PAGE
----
On Monday, the Bicycle Coalition sent out an Action Alert urging Philadelphia and New Jersey cyclists to send letters to their members of congress requesting that they restore bicycle and pedestrian funding programs in the recently proposed six-year Transportation Bill. According to BCGP, the new bill “sets transportation policy backwards decades” and is not suited for furthering sustainable transportation and livable communities.
Let’s break it down. The bill itself, titled the “Transportation Reauthorization Proposal” was brought forth by the Transportation Committee, led by Chairman John L. Mica (R-FL), on July seventh. The bill highlights “Highway, Transit and Highway Safety Programs,” “Passenger and Freight Rail Programs,” and “Maritime Transportation Programs,” with no actual mention of bicycle or pedestrian infrastructure. The funding for the bill is a proposed $230 billion over six years from the Highway Trust Fund.
In the summary of the proposal, the Transportation Committee included the following:
Surface Transportation Program Reform
- Consolidates or eliminates nearly 70 duplicative programs or programs not in the federal interest.
- No longer requires states to spend highway funding on non-highway activities, but permits states to fund those activities if they so choose.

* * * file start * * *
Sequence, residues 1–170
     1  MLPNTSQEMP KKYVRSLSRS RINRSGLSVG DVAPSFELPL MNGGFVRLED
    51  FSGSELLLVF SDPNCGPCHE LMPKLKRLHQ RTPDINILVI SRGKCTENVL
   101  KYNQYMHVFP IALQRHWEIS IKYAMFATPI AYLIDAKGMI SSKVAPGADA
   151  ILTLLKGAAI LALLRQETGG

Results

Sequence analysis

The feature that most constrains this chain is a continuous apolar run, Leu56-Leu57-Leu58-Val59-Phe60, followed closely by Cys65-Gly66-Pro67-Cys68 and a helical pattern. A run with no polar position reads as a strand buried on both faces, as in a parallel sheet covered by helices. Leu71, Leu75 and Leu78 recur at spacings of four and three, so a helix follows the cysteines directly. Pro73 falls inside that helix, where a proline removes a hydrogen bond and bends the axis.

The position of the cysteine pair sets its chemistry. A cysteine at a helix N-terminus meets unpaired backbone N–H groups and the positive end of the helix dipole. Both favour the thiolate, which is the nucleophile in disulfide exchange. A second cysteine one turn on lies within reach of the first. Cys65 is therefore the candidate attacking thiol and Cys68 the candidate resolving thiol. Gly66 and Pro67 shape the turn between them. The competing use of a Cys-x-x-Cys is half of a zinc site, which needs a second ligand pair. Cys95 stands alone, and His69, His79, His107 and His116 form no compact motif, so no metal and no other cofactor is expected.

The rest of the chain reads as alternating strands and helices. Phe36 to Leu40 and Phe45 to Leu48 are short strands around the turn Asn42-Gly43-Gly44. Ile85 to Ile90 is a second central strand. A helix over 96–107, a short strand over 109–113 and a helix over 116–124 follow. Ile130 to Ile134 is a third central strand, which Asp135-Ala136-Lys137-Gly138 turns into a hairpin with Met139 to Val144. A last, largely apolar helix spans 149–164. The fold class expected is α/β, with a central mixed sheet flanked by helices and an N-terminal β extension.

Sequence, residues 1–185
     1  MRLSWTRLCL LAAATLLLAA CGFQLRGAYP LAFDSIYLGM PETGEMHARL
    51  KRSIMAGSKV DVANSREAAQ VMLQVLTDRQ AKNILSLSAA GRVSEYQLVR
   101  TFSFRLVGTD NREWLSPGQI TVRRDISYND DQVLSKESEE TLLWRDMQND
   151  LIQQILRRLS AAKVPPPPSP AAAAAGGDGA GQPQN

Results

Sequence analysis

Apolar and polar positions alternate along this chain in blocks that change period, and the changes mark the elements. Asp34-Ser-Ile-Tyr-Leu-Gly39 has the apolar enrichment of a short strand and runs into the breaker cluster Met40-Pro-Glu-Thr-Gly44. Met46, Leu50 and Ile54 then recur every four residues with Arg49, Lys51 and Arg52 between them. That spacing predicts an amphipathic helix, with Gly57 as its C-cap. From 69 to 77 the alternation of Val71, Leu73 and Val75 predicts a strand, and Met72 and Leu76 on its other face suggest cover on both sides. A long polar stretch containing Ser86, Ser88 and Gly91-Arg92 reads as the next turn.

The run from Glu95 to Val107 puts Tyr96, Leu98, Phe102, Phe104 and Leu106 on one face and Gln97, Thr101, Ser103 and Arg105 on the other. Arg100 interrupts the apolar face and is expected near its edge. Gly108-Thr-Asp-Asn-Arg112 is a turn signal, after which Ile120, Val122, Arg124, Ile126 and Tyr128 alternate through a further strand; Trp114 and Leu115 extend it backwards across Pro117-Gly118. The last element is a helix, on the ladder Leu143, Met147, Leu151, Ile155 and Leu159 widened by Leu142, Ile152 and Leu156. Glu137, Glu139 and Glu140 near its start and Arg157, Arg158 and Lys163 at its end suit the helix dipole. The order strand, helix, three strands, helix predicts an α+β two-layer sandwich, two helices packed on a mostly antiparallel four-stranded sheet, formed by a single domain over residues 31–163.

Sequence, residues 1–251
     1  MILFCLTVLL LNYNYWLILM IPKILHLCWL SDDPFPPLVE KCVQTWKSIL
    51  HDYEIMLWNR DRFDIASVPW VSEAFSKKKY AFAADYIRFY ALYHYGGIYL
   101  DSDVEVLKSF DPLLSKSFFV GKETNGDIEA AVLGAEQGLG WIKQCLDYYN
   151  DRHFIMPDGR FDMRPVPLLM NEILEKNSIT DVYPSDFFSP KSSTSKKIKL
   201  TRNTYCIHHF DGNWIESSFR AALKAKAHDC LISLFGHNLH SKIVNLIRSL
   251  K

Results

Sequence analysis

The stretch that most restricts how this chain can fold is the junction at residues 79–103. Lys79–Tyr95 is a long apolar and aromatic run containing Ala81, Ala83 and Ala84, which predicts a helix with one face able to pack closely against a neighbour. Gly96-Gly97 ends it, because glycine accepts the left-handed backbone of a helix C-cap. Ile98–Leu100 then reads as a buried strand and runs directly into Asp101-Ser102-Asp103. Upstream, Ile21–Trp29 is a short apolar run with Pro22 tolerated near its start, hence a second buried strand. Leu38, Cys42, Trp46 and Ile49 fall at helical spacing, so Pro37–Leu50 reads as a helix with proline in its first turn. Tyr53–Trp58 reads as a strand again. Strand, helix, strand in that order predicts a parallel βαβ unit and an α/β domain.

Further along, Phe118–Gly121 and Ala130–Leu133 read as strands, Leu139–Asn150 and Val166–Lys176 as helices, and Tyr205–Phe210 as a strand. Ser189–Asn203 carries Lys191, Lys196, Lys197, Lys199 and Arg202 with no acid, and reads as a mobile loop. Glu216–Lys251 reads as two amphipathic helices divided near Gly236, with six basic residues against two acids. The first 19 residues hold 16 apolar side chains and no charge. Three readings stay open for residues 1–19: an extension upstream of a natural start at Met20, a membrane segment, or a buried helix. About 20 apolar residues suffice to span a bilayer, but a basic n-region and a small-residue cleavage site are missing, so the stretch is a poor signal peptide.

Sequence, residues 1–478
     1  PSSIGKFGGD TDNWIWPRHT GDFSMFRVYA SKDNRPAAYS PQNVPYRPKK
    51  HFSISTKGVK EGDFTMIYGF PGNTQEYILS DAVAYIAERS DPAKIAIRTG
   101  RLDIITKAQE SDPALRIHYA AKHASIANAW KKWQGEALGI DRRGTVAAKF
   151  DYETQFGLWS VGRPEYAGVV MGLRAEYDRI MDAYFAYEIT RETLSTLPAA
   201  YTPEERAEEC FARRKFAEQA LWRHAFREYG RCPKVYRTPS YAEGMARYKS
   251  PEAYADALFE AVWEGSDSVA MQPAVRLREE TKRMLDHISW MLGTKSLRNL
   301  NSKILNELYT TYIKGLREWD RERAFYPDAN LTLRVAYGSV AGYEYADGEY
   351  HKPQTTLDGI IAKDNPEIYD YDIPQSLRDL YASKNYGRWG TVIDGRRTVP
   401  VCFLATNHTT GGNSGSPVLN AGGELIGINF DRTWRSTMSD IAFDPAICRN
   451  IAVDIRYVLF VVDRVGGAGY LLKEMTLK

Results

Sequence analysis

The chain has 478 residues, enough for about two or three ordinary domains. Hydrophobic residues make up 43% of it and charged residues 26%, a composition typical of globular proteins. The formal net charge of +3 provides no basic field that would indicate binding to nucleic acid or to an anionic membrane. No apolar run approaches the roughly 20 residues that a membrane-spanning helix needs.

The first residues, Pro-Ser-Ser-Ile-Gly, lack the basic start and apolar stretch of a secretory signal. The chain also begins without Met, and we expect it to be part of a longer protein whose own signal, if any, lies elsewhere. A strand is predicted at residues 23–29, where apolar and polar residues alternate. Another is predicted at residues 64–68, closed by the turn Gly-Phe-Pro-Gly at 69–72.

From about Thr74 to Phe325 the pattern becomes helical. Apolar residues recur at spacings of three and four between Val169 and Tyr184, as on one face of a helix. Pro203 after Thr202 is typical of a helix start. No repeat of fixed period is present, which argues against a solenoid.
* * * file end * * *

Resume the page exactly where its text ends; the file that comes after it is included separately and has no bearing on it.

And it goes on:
Passenger and Freight Rail Programs:
Better Leveraging of Federal Funds
- Leverages private sector dollars and expertise.
- Eliminates unnecessary grant programs.
Improves Current Programs
- Reforms underperforming programs, such as the Railroad Rehabilitation and Improvement Financing (RRIF) Program, to enhance participation.
- Promotes transparency and accountability in rail programs.
In response, the BCGP claims that:
- The bill does not prioritize bicycling, walking or transit
- Cuts transit system contributions by 34 percent
- Will cause Philadelphia and Camden to lose $100 million in federal funding annually
- Contribute to the loss of 4,500 jobs
- Eliminate Transportation Enhancements and Safe Routes to School, and therefore $10.1 million in bike/ped funding
- And will cause SEPTA, New Jersey Transit and PATCO to lose $118 million